I hope these examples were helpful in showing how we can incorporate guerrilla marketing elements into our other marketing strategies. If you have any questions (or even just want to geek out with fellow marketing lovers), contact my team.

Read More


True Grit: What it Takes to See Goals to the End

Grit, determination, tenacity and resolve. We throw these words around to encourage greatness and spark inspiration, but how many of us ever feel the true power of them? For that matter, how many of us understand the true power of them?

I recently found myself thinking about determination. I wondered, are some people born with a competitive edge so sharp that they have no option but to succeed? Or maybe true grit or determination is the result of years of refusing to accept failure.

Naturally, I jumped head first into research to quell my curiosity and find ways that I could apply what I learned to my life as a marketer. Here are the two most important things I learned:

Determination requires focus.

Stories of sports and determination are always so cliché, but the relevance can’t be glossed over. For example, Jerry Rice is widely considered one of the best football players of all-time. When coaches and teammates talk about him, one trait is always mentioned: focus. He continuously put in the work, staying late after practice to get in a few more runs. His legendary workouts put others to shame and he never paused for the “off season.” There was no off season in Rice’s world.

Of course, Jerry Rice had natural talent, but it was his dedication to growing that made him great. He focused on the skills needed by a wide receiver and perfected them through practice and an ability to adapt.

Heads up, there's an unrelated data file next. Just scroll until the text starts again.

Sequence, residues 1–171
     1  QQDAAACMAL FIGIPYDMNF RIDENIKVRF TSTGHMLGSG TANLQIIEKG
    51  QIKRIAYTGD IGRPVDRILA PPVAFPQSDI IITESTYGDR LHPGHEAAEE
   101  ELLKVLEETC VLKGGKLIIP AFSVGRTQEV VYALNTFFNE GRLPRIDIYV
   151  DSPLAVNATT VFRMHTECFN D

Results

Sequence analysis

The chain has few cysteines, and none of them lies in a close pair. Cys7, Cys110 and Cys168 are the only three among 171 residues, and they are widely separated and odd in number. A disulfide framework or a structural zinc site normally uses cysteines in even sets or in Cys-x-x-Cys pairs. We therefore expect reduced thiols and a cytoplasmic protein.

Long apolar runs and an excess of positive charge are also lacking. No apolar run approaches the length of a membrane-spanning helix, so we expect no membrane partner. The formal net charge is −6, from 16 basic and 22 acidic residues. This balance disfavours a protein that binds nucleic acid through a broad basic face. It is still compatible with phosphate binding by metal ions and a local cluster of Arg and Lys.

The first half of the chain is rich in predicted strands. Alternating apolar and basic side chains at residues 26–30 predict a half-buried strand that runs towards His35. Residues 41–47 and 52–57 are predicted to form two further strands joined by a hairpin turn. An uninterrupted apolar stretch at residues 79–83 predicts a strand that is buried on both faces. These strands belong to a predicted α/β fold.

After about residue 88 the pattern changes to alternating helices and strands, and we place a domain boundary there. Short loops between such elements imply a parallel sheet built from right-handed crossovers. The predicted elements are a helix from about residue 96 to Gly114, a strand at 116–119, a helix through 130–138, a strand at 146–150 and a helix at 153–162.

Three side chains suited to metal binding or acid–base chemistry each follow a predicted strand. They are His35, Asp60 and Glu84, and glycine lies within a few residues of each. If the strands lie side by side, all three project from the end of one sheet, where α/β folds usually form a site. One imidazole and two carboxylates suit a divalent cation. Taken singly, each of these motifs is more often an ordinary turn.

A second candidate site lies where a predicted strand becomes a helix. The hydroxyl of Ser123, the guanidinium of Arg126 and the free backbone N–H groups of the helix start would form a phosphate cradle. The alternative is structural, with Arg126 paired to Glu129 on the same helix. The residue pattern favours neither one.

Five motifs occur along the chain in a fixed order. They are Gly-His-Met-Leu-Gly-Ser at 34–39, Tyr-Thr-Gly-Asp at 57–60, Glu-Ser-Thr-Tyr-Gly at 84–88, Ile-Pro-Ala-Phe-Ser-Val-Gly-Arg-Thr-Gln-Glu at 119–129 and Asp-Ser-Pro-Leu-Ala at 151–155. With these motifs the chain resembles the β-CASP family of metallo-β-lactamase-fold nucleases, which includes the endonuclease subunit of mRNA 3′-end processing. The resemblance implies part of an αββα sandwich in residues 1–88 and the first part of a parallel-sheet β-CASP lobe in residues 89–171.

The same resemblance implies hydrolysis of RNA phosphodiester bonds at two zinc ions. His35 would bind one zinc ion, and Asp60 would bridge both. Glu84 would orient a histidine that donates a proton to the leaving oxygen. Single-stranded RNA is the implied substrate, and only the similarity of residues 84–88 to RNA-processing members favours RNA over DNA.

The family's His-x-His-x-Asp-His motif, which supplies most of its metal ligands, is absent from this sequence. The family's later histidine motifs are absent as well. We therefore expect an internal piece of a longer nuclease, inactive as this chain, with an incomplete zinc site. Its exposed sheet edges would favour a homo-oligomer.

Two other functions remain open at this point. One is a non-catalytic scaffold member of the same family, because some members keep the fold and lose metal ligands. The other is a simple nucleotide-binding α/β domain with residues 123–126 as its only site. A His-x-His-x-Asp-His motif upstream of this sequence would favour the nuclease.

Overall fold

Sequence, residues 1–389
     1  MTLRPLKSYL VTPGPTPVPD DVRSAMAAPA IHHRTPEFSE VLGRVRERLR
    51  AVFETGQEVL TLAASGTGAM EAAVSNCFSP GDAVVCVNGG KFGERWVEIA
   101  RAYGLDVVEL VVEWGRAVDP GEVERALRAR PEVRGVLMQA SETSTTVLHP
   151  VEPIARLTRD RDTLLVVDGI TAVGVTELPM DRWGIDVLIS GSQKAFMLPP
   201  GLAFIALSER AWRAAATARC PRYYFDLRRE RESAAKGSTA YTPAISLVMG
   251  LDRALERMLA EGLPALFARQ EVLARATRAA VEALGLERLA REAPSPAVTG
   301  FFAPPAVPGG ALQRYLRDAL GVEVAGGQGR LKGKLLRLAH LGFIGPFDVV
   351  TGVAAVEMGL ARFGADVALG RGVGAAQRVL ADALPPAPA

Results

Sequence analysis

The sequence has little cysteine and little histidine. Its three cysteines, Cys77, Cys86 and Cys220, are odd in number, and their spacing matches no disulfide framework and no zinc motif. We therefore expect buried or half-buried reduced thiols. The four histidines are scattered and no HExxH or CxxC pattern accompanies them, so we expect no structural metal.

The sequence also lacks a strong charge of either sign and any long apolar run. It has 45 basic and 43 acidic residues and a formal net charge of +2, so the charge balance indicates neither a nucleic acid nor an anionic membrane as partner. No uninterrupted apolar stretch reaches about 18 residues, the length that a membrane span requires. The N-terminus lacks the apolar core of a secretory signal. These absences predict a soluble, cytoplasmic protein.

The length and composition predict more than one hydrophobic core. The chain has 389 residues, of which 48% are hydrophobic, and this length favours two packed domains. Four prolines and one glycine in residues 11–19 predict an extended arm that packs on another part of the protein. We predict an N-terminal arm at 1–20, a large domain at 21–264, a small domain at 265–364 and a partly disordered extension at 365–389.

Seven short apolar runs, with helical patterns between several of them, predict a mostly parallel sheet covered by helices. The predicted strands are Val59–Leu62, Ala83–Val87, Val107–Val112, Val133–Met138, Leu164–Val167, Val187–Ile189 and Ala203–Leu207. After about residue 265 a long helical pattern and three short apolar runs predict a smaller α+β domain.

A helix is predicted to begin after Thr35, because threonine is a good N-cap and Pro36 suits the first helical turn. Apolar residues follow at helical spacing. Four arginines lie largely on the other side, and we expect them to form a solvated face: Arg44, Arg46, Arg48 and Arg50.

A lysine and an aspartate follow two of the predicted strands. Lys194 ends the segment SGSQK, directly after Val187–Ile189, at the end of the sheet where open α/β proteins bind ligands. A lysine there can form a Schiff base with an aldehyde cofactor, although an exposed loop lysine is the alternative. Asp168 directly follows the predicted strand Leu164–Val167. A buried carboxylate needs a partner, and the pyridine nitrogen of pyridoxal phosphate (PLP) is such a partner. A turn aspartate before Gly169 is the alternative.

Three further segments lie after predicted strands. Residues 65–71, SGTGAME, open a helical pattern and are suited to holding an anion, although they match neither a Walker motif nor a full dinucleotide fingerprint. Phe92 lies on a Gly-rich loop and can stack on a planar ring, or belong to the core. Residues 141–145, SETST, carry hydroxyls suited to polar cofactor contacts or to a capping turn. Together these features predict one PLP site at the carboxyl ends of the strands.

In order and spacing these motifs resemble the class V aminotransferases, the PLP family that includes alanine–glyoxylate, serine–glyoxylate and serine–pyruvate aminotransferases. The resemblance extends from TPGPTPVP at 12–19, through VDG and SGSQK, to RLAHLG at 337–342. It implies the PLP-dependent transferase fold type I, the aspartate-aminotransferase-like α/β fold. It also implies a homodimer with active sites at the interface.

Rice’s story led me to my first revelation People are often concerned with being the best at everything, but that simply isn’t possible. Part of being determined and crushing goals is picking a focus and dedicating time, energy and resources to learning everything about that focus. Jerry Rice never needed to know how to throw a perfect spiral, so he didn’t waste his time on practicing that skill.

As a marketing professional, I don’t have to be an expert at every aspect of marketing. If I try to be, chances are I won’t truly be an expert of anything. I’ll just be kind of good at everything. This is why we work in teams. I can put all my energy into my strengths, knowing that my teammates will support me with their strengths.

Determination requires a strong mind.

You’ve heard the age-old phrase, “When the going gets tough, the tough get going.” This phrase is a nod to those who have mastered the power of their minds. These people have “grit,” or mental toughness.

Let’s stick with the sports analogies to explore what is possible with a well-conditioned, dedicated mind. An Ironman Triathlon is a long-distance race consisting of a 2.4-mile swim, 112-mile bike ride and a 26.22-mile marathon run. Participants spend months, if not years training for these grueling events.

In early 2016, Tristine Emery and her husband, Kevin Nicholson, set out to complete the Taupo Ironman together. The race went well until Emery rolled her foot 3 kilometers into the marathon. Rather than pull out of the competition, Emery made a conscious decision to keep going. Through extreme pain, the New Zealander was able to think rationally and come to the conclusion that if she removed her shoe, she wouldn’t be able to finish. Emery plans to complete more Ironman races in the future. In her words, “People who do Ironman are a bit crazy anyway.” Crazy? Maybe, but what Emery exhibited was not a mental disregard for her well-being. It was a mental fortitude that allowed her to block out the pain and walked 39 kilometers on a foot that was broken in two places.